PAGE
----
The Taliban accused the U.S. military on Sunday of violating a peace deal the two sides agreed to in February, claiming that the U.S. had carried out “excessive airstrikes” in areas of Afghanistan’s southern Helmand province occupied by the Taliban and elsewhere in the country.
Muhammad Yousuf Ahmadi, a spokesman for the Islamist terror group, said the peace agreement signed in Doha, Qatar, on February 29 prohibits U.S. forces from launching airstrikes in areas other than combat zones.
“All contents of the U.S.-Islamic Emirate [Taliban] agreement are unambiguous, but the opposite side has violated its commitments on numerous occasions, are engaging in provocative actions and bombing non-combat zones,” Ahmadi claimed in a statement.
“In recent days, the United States forces conducted day-and-night airstrikes in Nahri Saraj, Khoshkawa, Babaji of Helmand province, including areas in Gereshk, Sangin, Nawa, and Nad Ali districts,” Ahmadi said. “Also [airstrikes] in Farah and other provinces, which is a clear violation of the Doha agreement.”
Col. Sonny Leggett., a spokesman for U.S. forces in Afghanistan, responded to Ahmadi’s statement on Sunday.
“We categorically reject the Taliban’s claim the United States has violated the U.S.-Taliban Agreement. U.S. airstrikes in Helmand and (western) Farah (province) have been and continue to be solely in defense of the ANDSF as they are being attacked by the Taliban,” he wrote on Twitter, referring to the Afghan National Defense and Security Forces.
“These strikes are consistent with both the U.S.-Taliban Agreement and the Joint Declaration between the Government of the Islamic Republic of Afghanistan and the United States,” Leggett continued.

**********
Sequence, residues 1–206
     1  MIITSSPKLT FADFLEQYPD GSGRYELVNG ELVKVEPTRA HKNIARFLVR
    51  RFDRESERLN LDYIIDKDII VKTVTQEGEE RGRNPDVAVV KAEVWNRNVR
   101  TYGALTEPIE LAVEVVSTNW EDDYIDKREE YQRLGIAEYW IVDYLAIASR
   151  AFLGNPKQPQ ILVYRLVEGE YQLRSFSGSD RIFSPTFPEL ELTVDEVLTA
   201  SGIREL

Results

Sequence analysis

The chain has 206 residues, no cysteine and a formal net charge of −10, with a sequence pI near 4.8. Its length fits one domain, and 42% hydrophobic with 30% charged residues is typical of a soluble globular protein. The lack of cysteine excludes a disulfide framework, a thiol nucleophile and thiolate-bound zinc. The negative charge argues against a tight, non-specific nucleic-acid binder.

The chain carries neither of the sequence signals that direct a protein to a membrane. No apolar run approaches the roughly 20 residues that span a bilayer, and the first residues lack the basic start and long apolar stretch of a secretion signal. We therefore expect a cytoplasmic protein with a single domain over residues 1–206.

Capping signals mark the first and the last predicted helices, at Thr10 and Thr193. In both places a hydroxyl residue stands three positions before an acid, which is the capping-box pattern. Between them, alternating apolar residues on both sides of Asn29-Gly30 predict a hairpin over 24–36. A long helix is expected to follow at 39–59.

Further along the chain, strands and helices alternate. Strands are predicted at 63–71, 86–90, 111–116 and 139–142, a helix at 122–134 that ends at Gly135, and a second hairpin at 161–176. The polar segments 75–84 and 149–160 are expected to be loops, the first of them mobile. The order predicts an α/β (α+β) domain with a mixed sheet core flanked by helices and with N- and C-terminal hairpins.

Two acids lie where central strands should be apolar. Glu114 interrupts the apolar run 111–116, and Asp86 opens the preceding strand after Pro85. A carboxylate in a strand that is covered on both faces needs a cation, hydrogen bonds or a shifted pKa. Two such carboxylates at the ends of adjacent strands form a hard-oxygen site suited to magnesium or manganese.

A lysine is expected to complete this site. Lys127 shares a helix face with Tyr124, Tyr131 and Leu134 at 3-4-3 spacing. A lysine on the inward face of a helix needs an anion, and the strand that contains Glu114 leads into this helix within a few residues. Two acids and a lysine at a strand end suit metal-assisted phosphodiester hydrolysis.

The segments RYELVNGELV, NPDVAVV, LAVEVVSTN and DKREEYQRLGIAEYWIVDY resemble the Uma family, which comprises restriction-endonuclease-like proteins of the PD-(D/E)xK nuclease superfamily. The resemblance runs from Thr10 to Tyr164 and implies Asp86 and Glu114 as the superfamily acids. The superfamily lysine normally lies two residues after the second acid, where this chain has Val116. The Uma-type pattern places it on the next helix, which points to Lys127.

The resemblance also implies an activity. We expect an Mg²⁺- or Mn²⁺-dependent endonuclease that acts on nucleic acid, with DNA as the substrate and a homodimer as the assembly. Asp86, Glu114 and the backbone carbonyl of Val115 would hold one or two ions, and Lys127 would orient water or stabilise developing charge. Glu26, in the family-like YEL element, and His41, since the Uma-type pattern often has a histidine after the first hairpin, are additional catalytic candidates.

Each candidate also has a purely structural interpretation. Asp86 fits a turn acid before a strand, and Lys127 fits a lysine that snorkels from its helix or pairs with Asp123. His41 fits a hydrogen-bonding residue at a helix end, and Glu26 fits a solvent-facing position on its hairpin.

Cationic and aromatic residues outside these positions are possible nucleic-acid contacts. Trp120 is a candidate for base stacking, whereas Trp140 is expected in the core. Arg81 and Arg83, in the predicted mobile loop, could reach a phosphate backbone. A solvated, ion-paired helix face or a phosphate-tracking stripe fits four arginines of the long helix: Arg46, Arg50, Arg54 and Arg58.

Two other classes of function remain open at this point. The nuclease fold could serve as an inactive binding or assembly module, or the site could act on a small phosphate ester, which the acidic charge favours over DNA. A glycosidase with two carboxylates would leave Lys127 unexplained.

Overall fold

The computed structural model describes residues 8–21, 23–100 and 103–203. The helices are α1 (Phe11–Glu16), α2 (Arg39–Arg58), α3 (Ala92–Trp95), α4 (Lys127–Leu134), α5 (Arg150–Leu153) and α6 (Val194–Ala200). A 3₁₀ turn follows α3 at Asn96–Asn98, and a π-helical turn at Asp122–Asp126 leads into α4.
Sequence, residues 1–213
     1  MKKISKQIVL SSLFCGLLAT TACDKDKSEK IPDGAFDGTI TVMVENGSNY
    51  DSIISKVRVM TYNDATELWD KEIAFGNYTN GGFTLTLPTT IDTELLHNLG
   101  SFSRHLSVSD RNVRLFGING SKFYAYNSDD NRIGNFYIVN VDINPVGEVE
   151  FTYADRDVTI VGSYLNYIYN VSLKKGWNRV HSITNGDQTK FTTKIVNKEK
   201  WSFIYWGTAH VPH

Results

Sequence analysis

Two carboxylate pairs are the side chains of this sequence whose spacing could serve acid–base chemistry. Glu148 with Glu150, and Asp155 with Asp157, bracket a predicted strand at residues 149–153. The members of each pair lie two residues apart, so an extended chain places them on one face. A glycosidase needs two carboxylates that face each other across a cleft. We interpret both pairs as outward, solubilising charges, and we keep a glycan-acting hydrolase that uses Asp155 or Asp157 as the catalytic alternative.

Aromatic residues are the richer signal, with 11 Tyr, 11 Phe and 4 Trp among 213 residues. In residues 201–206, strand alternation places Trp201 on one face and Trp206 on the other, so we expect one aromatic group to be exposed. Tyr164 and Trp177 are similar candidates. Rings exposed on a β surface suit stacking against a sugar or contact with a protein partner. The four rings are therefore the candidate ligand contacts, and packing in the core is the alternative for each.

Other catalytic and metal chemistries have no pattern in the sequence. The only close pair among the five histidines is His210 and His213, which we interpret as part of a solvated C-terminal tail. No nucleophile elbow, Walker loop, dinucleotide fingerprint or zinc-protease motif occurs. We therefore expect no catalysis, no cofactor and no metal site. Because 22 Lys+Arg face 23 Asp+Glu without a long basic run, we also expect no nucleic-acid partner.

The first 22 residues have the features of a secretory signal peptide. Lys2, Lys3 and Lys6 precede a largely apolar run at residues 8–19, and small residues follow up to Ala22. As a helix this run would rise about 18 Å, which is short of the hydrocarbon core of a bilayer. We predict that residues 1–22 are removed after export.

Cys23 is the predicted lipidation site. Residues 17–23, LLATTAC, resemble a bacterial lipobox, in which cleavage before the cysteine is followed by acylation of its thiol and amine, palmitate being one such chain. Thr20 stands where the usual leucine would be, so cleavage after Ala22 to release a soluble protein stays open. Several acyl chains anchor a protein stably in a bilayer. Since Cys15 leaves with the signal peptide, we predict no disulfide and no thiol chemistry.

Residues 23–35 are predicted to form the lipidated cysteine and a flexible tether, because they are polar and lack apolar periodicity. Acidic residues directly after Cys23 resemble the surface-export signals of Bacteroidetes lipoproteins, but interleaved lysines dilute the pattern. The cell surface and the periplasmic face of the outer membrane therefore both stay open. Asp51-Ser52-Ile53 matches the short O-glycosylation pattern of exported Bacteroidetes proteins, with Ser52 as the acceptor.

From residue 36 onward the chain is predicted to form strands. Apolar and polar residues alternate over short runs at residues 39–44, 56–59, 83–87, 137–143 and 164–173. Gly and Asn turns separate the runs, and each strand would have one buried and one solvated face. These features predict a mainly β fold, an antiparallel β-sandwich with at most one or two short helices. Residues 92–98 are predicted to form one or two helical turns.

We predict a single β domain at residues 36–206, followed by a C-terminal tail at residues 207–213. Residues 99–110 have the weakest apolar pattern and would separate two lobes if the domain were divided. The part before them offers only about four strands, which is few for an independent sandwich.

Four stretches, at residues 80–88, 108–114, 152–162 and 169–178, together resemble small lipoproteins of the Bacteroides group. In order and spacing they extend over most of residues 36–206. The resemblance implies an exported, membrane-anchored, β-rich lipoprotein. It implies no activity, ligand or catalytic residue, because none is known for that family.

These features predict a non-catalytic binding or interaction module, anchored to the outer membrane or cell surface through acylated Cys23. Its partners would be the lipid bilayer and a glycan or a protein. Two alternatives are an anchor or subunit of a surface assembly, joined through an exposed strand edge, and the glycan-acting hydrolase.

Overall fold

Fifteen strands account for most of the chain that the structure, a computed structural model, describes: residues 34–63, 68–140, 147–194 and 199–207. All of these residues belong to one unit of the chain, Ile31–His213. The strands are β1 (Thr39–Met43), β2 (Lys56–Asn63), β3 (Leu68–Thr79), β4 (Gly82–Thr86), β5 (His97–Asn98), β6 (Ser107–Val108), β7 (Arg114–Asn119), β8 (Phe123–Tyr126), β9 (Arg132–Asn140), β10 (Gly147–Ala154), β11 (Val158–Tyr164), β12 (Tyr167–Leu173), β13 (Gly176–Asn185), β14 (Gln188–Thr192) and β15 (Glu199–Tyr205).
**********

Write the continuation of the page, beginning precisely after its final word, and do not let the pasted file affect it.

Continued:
“The entire world has witnessed the Taliban’s offensive operations in Helmand — attacks which injured and displaced thousands of innocent Afghan civilians. We reiterate our call for ALL SIDES to reduce the violence to allow the political process to take hold,” he concluded.
The Taliban staged large-scale offensives in Helmand province last week, “making territorial gains in and around Lashkargah, the provincial capital, and blocking roads leading into the city,” according to the U.S. government-funded Voice of America.
“The highway between Lashkargah and Kandahar – Afghanistan’s second-largest city – has been inaccessible due to the presence of improvised explosive devices (IEDs),” a flash update issued on October 13 by the U.N. Office for Coordination of Humanitarian Affairs (OCHA) revealed.
The Taliban controls or influences most of Helmand province. The latest fighting in the territory between the Taliban and Afghan security forces has displaced as many as 35,000 civilians and caused roughly 200 casualties, the United Nations (U.N.) reported on October 14.
The Taliban rejects the Afghan government’s rule over the country, regularly targeting Afghan security forces. The U.S. military in February said it would begin a phased withdrawal of troops from Afghanistan if the Taliban and the Afghan government agreed to peace negotiations. The two sides agreed to the U.S.-brokered talks, which began on September 12 in Doha, Qatar. Despite the ongoing peace process, the jihadi terror group has continued to attack Afghan security forces, although it has stopped targeting U.S. and NATO troops, who support Kabul’s internationally-recognized government.